“It’s important for libraries to focus on the basics,” Orcutt believes. “We want our researchers to have access to large sets of information in order to use them for research. We need to help vendors and publishers see that mining is really just another tool to help value their content products in academic libraries. Mining is really an add-on service or capability that should just require adding a few more terms to sales agreements. Most of the real issues are logistical. There shouldn’t be any requirement to report back to the vendor on this type of use. Although vendors may be concerned about the types of sharing that researchers do, this is really a learning curve issue for vendors.”
We don’t need the traditionally published scholarly materials to demonstrate the usefulness of TDM. – Eric Lease Morgan
TDM Development Doesn’t Require “For-Profit Publisher’s Fire”
University of Notre Dame Digital Initiatives Librarian Eric Lease Morgan believes that “the problem to solve does not surround license agreements. Yes, license agreements are impediments to taking full advantage of TDM against scholarly materials, but you don’t need the scholarly material to improve and demonstrate the usefulness of TDM. What I would do instead is:
- Systematically cache non-licensed materials such as things from the HathiTrust, Internet Archive, the ‘Net in general, and open access repositories.
- Organize the cached materials into local library collections and curate them by applying the traditional library processes which includes description (cataloging), preservation (archiving), and re-distribution (public service).
- Enhance the public services by providing TDM against the collections, thus demonstrating increasingly useful services.
- Go to Step #1.
We don’t need the traditionally published scholarly materials to demonstrate the usefulness of TDM. By going after the traditional scholarly materials, we are only feeding for-profit publisher’s fire for increasing prices; we are only continuing to demonstrate how we are at their beck and call. The problem to solve is not getting access to traditional scholarly materials. The problem to solve is providing useful services against materials needed to do research. All research does not necessarily come from scholarly output. I provide research services against non-scholarly, non-peer reviewed content all the time. Needing the license agreements is simply an excuse for not doing the really hard work—creating the services.”
Still, we have many red flags in meeting researcher expectations.
Removing the Red Flags
Academics aren’t the only ones concerned about the mounting piles of key research data that beg for better forms of identification and sophisticated search tools. At a 2012 British meeting on the mounting issues related to the massive increase in research publication and communication, GlaxoSmithKline’s Philip Ditchfield noted that, “there are about 7,000 diseases out there and we can cure about 1% as an industry at the moment. We’re all patients at the end of the day and we need to discover medicines. That’s the priority,” he commented. “We’re a very compliant industry and we want to work with publishers, not undermine their intellectual property. Publishers often say you can mine our content—you just have to ask us. That’s very easy to say and very hard to achieve. It is like in the early days of motor cars when you were allowed to drive down the road but you had to have a man with a red flag running in front of you.”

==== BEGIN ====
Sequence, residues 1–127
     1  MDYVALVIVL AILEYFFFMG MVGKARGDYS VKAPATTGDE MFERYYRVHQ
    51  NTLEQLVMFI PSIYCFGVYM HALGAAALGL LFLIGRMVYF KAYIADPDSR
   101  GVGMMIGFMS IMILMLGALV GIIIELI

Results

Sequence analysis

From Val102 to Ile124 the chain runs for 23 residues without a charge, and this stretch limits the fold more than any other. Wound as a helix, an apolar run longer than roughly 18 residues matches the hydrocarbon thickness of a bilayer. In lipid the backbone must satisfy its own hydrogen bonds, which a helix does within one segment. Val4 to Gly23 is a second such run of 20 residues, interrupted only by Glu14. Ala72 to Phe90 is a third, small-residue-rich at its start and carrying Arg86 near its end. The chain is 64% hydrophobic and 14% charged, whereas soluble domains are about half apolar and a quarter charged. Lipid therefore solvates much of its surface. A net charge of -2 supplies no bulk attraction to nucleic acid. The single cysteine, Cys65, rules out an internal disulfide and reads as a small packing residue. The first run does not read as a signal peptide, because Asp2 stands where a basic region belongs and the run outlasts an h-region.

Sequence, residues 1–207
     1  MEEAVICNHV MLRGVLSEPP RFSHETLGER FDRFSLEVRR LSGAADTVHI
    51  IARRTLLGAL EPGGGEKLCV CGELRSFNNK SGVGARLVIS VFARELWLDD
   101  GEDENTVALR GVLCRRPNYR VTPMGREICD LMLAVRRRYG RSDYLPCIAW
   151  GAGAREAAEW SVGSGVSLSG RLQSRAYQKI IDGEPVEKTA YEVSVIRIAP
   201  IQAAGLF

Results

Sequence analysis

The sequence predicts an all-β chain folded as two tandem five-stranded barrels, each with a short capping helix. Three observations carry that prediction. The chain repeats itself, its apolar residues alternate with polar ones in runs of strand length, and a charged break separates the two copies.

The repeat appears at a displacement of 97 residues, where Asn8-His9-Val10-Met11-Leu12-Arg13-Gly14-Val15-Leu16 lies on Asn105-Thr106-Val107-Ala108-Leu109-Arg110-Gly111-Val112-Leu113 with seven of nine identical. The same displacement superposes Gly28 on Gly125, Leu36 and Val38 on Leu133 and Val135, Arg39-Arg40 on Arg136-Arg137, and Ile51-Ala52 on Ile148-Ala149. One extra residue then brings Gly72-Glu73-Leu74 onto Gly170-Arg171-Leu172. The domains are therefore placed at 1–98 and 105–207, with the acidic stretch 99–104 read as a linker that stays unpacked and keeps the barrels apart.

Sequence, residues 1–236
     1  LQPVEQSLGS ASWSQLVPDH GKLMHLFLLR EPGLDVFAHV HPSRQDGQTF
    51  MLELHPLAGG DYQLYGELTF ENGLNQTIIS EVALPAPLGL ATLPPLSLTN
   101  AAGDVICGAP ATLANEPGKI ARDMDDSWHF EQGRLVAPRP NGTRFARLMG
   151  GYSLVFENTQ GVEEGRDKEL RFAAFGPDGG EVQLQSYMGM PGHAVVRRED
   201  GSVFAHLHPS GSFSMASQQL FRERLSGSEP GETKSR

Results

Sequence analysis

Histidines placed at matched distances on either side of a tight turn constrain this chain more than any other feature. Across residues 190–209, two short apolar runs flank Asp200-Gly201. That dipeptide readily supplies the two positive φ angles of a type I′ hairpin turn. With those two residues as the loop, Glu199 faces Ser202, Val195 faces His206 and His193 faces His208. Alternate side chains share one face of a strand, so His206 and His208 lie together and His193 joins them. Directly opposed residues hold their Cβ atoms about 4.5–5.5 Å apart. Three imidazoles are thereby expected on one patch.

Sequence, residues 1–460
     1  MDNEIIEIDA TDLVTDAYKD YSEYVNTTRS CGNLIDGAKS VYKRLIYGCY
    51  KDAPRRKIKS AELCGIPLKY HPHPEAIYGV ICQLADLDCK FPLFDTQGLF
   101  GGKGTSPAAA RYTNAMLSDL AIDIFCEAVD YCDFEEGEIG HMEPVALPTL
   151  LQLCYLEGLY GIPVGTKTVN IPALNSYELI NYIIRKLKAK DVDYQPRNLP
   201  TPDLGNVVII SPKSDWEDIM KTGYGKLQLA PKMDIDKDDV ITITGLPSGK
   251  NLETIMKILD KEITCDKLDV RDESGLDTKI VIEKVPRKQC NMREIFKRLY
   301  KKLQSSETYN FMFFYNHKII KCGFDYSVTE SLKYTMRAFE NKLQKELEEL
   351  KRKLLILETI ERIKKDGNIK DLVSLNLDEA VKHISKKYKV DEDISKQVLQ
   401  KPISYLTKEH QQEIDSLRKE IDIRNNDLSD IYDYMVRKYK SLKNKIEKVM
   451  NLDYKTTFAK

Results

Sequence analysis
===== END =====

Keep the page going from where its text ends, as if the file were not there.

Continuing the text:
Last year researchers at the University of Colorado, Denver, wrote about their efforts to support text mining from their Health Sciences Library by seeking to “leverage the library’s existing journal licenses to obtain a large collection of full-text journal articles in XML format, the right to text mine the collection, and the right to use the collection and data mined from it for grant-funded research to develop biomedical natural language processing tools.” Their challenges and frustrations led them to conclude that, “text-mining rights of full-text articles in XML format should routinely be included in the negotiation of the library’s licenses.” Vendors report that request for text mining permissions is still rare—but growing.
For librarians the issue of access is as critical and complicated as for their researchers themselves. The University of Colorado, Denver librarians explaining the “natural opportunities for collaboration including negotiating rights to content more efficiently through expanded licensing arrangements and facilitating the secure transfer and storage of data to protect researchers and publishers.”
The Publishers Perspective
Publishers see many issues from their perspective as well. A study commissioned by the British Publishing Research Consortium in 2011, titled Journal Article Mining: A Research study into Practices, Policies, Plans … and Promises, found that although requests for content were “widespread but still at low levels of frequency,” publishers needed to establish standards for cross-publisher text formats to allow for “one shared content mining platform to commonly agreed access terms for mining and standardization of mining-friendly content formats….The overall aim of these cross-publisher solutions should be to facilitate and stimulate the fascinating possibilities of content mining of the ever-growing digital corpus of scholarly journal articles for researchers and publishers alike.”